‘Blue’: Sending Us Back to the Sea

Unsure on the oceans, unrivalled on land, humankind is by nature a terra-centric species. For primates, the seas are more than a physical boundary, but a psychological finisterre, an end of the earth. Blue is a film that sends us back into the sea from which we came, a film that creates an oceanic consciousness unbounded by illusions of species primacy.

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A painting of a whale adorns the wall of an old whaling factory

Travelling with seven guardians of the oceans, the documentary reveals the destruction that the “industrialisation of the oceans” is wreaking on marine life.

First Blue takes us to Lombok, Thailand, where thousands of sharks are hauled in every day, their fins dismembered and their carcasses thrown back into the waters; victims of the East’s fin fever which removes over seventy million sharks from the seas each year. Once, shark fin soup was considered a delicacy worthy the Emperor, now, billions hunger for it.

“Polluted, heated, emptied of life, we are destroying the beauty and diversity of the ocean.”

– Lives and Times

Then we are taken to the Filipino island of Mindanao – the origin of your tuna can – where we see “the emptying of the oceans” of one of its apex predators, the tuna. Bluefin, Yellowfin, Big Eye, all of them are bound for extinction if we do not curb our casual appetite for one of the strongest, fastest beasts in the open ocean. Imagine the outrage over a can of cheetah, a tin of lion.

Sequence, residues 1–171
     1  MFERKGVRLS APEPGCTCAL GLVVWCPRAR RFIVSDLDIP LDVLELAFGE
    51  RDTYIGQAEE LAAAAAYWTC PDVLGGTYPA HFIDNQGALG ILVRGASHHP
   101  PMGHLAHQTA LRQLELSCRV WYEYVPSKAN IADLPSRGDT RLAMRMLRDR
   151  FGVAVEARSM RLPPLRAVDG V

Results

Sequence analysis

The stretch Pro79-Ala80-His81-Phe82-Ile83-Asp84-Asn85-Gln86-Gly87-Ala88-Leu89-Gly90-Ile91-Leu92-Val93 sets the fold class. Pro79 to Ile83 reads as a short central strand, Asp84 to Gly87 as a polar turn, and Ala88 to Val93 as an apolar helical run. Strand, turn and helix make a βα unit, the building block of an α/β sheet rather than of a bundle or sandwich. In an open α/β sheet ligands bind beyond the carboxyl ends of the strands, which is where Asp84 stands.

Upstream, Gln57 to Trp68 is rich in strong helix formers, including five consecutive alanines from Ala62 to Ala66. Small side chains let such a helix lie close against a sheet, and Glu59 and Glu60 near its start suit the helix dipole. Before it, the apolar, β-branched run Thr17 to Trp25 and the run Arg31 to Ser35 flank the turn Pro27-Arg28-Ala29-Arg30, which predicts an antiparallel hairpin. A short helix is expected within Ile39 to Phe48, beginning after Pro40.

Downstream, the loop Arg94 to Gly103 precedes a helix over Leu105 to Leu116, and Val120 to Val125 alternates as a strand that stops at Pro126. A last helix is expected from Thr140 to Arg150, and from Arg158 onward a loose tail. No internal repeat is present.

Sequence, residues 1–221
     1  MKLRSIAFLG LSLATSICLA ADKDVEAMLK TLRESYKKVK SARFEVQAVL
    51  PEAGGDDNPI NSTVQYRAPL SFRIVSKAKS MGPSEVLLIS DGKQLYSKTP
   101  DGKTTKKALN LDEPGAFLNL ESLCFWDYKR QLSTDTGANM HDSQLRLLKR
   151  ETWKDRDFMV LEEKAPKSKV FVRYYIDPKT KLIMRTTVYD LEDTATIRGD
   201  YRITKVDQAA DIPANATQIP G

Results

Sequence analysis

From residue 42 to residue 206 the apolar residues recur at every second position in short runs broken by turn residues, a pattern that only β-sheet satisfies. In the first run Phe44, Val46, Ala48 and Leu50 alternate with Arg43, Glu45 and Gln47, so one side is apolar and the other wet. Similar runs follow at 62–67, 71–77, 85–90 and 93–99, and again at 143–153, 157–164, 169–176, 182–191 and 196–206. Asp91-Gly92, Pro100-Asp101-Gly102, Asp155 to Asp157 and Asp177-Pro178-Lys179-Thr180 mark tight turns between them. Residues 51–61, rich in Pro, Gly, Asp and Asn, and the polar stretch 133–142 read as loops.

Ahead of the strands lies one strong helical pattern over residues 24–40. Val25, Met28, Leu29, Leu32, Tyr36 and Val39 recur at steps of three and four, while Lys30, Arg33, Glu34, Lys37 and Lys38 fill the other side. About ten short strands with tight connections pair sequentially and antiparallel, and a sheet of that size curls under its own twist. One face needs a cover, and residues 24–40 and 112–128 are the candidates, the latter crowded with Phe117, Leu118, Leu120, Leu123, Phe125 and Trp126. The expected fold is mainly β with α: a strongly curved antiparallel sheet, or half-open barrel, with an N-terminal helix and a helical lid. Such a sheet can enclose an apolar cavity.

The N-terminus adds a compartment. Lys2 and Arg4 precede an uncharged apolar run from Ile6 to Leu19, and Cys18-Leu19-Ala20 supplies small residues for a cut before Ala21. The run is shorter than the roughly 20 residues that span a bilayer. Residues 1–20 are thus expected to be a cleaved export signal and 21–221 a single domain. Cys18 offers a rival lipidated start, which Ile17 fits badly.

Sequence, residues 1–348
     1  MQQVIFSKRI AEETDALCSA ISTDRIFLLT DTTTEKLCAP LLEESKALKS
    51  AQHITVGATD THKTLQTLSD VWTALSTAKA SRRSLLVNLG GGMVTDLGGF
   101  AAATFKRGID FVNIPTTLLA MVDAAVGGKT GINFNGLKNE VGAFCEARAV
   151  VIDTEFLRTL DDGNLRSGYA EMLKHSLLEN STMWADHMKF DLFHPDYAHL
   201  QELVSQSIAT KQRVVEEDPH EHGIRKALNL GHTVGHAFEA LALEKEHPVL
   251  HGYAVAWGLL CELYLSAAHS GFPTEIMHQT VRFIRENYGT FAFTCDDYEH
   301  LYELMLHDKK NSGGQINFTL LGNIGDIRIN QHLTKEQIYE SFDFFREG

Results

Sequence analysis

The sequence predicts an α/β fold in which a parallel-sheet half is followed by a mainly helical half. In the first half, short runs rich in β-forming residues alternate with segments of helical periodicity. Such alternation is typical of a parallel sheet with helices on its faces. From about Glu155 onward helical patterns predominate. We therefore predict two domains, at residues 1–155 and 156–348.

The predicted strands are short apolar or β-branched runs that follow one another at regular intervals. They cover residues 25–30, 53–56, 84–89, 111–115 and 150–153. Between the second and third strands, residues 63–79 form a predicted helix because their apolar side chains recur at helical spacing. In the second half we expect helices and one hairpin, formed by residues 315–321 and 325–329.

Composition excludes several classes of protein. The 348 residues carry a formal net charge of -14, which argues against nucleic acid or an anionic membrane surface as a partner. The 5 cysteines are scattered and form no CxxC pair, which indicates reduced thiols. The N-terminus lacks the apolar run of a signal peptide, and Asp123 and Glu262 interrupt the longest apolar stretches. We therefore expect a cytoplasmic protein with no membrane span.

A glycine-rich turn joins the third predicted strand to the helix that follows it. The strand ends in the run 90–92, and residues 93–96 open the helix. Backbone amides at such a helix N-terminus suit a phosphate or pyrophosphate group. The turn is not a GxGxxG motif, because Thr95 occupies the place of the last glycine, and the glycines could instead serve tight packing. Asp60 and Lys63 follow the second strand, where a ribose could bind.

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STOP SPECIECISM graffiti painted onto an old cannery. Speciecism is an anthropocentric view of nature that places animals outside our range of moral consideration. 

Blue’s next stop is Cape York, Australia, so far and so wild, where turtles become trapped in kilometres of nets carelessly tossed from the sides of fishing boats further to the north. Skulls line the beaches, a sandy cemetery of leatherbacks and green turtles.

“The ocean has done us so much, now it is time to do something meaningful for the ocean: to offer it protection.”

– Blue

Even further afield, on Lord Howe Island and Hawaii, sea bird chicks starve to death in their nests though their bellies are full. Full of plastic, mistakenly regurgitated into their stomachs by their mother seabird.

Even plankton cannot escape the “plastic soup” sea, their little bellies filling with micro-plastics that pollute the food-chain to end up in the bellies of whales, in the bellies of us.

IMG_2664_lznPolluted, heated, emptied of life, we are destroying the beauty and diversity of the ocean; “the mother of all life.” If we do not act now, if we do not change the system that so poisons, suffocates, and decimates the underwater world, then it will all be lost, forever: the peaceful turtles and enchanting seahorses, the powerful tuna and ancient sharks, the reefs of coral and forests of seaweeds.

Only by declaring swathes of ocean “blue parks”, by reducing, reusing, recycling the tonnes of plastic produced each year, and by renouncing an appetite for sea life, can we save the seas. Though the problems are enormous, radical actions by both individuals and governments may give the ocean the breathing space it needs to recuperate after years of neglect and exploitation. “The ocean has done us so much, now it is time to do something meaningful for the ocean: to offer it protection.”

To watch the film Blue, visit the website to see screening and streaming options.

To attend a community screening in Sydney, visit Films for Change.

Lives and Times…

Explore the Blue Planet with Lives and Times…

The Seduction of the Sea

Our Lady of the Sunken Souls

The Sensations of the Sea: The Blind Sailors of the Rías Baixas

…Writing on the World Around Us

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